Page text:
1. Consider the square wave; when X = 1 the output waveform window shows a single transition; when you set it to X = 2 you then see two transitions (or subwaves).
When starting the generator this output waveform is sent to the XM generator as an 'arbitrary waveform'.
The XM generator uses this waveform, and if it 'plays' the waveform at 100 Hz, it will actually be outputing 200 Hz, because each one consists of two transitions.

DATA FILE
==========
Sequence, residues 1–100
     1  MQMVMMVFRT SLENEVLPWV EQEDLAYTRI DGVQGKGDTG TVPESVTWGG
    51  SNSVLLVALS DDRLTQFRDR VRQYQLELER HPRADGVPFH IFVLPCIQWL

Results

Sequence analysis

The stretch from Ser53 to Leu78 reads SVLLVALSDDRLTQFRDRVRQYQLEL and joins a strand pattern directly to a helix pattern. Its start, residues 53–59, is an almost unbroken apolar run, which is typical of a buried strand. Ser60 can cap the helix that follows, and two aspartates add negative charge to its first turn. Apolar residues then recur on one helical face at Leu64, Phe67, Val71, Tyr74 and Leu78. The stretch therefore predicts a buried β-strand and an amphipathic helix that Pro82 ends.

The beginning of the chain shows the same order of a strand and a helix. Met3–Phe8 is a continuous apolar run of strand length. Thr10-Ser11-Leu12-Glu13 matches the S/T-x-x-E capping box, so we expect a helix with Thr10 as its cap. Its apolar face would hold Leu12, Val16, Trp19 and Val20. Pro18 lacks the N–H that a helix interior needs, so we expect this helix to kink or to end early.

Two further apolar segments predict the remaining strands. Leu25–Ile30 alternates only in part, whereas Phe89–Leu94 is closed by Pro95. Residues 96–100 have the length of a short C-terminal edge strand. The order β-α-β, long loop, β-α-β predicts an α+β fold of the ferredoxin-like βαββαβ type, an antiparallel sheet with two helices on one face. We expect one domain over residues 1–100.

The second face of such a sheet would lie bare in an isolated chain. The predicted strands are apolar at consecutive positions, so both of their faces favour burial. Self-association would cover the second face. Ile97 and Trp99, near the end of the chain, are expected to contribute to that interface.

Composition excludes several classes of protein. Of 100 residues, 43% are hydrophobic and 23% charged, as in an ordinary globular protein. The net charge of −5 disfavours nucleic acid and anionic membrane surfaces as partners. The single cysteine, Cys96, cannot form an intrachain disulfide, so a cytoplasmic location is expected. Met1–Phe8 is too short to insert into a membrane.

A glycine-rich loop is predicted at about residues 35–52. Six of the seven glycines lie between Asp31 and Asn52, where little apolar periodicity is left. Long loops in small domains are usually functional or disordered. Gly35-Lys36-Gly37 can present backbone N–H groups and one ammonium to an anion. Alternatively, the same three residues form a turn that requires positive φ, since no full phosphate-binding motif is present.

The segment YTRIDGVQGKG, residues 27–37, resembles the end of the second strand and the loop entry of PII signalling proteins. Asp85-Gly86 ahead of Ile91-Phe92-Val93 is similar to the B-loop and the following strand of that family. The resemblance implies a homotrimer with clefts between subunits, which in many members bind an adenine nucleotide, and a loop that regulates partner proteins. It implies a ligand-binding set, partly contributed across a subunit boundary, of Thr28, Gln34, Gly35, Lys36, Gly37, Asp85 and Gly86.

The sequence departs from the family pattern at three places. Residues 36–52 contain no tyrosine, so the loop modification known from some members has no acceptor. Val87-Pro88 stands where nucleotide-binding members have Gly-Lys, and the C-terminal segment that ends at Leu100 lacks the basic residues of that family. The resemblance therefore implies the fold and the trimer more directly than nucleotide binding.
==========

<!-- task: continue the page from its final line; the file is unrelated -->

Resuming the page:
2. What is being considered here is the maximum frequency (capacity) that the generator can send out, which is 5MHz. Now, take for example, your need to use 10MHz. This exceeds generator's capacity, so to avoid overworking the generator, you will need to divide the 10MHz by 2 to send maximum of 5MHz at a time in half a second, then the other 5MHz is also sent in half a second. In one second you would have sent 10MHz. If you look at the waveform, you will notice it became two sub-waves. The generator will only show the 5MHz, so to double check your generator's accurate transmission, you will multiply the generator's LED display of 5MHz by the value of X which is 2. So 5MHz x 2=10MHz.
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